The 9th Circuit Court of Appeals dealt another blow to the First Amendment guarantee of freedom of religion, Wednesday, ruling that coach Joe Kennedy could not take a knee by himself on the field after a football game, and offer a silent prayer. As reported on this site on August 26, 2016, “Kennedy had made a commitment that he would offer a silent prayer of thanksgiving to God after every game for his players, for the competition and for the opportunity to coach. There was no cajoling or coercing toward the players to participate. It was Kennedy’s personal commitment between him and his God.”
The court decision stated that as a “public employee,” Kennedy’s speech was not protected under the First Amendment.
Jeremy Dys, senior counsel, First Liberty Institute said, “Banning coaches from praying individually in public just because they can be seen by players and fans is wrong.”
Dys also said, “We’re reviewing the opinion. It takes a while to get through that and all the relevant law to figure out what the next options are for coach Kennedy. Then we’ve got to sit down face-to-face with the coach and tell him what his options may be.”
A decision to appeal the ruling to the U.S. Supreme Court has not been made at this time.
Asked if he feels like a decision like the one handed down Wednesday is going to be a trend wherein religious is continually attacked by the courts, Dys replied, “To say ‘it’s going to be’ I think is the wrong phrasing. I think it is a problem within the courts here. What this does is contributes further to the uncertainty faced by school teachers and coaches around the country as they try to lead their teams on the sports field.”
“What happens when a player goes down with an injury?” Dys asked. “Can the coach cross himself as a Catholic? Can he bow his head in prayer because a player is lying on the ground writhing in pain? Under this decision, I don’t think so.”
Kennedy was an assistant coach at Bremerton High School in Washington from 2008-2015. He would step to the 50-yard line and offer a prayer at the end of games. The prayer was :30 seconds in length or shorter.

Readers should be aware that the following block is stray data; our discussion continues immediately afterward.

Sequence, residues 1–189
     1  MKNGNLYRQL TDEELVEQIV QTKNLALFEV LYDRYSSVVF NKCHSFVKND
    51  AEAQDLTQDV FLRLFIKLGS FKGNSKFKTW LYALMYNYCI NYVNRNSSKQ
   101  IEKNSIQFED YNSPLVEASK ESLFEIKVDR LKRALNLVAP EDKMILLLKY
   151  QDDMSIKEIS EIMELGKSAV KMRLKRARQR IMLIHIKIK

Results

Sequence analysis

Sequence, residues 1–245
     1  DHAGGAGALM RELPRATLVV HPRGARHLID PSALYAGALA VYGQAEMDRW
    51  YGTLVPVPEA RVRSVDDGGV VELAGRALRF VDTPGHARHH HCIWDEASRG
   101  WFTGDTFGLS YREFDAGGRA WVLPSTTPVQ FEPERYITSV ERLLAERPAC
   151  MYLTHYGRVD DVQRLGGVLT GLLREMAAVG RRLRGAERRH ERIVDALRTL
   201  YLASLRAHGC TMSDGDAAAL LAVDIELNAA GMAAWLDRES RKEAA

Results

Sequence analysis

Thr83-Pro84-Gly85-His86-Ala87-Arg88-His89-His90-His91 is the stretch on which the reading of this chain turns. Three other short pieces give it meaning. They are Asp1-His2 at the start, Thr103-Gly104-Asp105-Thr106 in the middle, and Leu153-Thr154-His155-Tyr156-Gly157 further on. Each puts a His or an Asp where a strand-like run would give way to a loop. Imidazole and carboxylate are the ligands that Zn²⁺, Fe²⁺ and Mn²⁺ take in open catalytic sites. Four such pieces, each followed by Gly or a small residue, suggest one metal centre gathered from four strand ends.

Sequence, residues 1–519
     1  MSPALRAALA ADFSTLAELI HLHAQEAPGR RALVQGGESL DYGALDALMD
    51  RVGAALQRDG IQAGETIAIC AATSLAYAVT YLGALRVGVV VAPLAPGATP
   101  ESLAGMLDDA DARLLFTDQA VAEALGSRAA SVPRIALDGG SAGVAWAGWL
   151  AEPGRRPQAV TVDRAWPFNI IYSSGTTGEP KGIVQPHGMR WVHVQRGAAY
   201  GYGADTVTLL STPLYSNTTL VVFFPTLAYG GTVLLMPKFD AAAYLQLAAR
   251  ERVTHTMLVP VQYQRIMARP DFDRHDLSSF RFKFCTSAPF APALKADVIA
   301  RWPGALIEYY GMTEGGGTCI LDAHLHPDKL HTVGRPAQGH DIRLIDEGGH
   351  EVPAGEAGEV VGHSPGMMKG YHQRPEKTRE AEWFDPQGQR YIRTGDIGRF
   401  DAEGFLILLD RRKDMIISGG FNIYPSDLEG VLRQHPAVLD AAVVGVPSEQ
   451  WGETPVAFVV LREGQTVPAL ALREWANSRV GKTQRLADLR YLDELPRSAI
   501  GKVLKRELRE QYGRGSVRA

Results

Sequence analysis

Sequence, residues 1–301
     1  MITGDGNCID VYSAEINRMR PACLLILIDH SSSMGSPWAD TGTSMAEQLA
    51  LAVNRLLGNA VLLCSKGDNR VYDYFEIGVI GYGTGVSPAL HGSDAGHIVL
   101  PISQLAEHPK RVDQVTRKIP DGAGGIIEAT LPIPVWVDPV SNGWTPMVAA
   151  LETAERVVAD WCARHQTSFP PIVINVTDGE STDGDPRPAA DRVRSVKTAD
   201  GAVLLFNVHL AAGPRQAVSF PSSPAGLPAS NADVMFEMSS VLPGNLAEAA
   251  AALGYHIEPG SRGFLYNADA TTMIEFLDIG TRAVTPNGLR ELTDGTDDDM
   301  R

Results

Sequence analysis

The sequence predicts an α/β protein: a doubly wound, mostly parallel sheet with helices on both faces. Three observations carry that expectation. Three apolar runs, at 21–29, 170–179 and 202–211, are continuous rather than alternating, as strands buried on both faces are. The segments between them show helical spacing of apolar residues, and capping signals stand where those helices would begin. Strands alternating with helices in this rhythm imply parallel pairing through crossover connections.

According to a lawsuit filed on Kennedy’s behalf, the Bremerton School District, (BSD), had previously informed him that his prayer fully complied with its written policies on “Religious-Activities Policies and Practices.” Their policies at that time nowhere prohibited religious expression by on-duty school employees.
BSD also publicly affirmed that no players or students were required to pray with Kennedy, and that they had not fielded any complaints from parents, students or members of the community related to his praying in the eight years he had been coaching the team.
Ironically, it was after someone telling a member of the administration that they appreciated what Kennedy was doing, and that he was setting a good example, that the school district changed its rules and forbade all on-duty school employees from engaging in any demonstrable religious activity that is readily observable by the public and students.
Kennedy was subsequently suspended and then fired for failing to follow district policy.
Regarding the irony that it was after Kennedy was lauded for his actions that he was let go, Dys said, “The only people here who have ever been offended have been the school district that has directed to coach Kennedy to cease any visible demonstrations of religious activity.”
The new directive from BSD regarding religious expression apparently was selectively enforced against Kennedy, a Christian.
In an August 2016 post at the Daily Signal, it was reported that, according to Kennedy’s suit, assistant coach David Boynton “has engaged in a Buddhist chant near the 50-yard line at the conclusion of many BHS games,” and has continued to do so despite the suspension and firing of Kennedy.
The court decision also stated that while they recognize the important role that public worship plays in many communities, as does the sincere desire to include public prayer as a part of these occasions, they feel that such activity can promote disunity along religious lines, and risks alienating valued community members from an environment that must be open and welcoming to all. Given Boynton’s being allowed to engage in a Buddhist chant with no repercussions, it would appear that the words “welcoming to all” do not include people of the Christian faith.
Dys said that people of faith need to remind one other that while this is a disappointing decision that will have far-reaching results, we do have religious liberty in this country.
Summarizing, Dys said, “The court here, the 9th Circuit, has now given their stamp of approval to a school district to stop its coach from praying silently for :15 seconds after a football game. That is what is offensive to the Constitution.”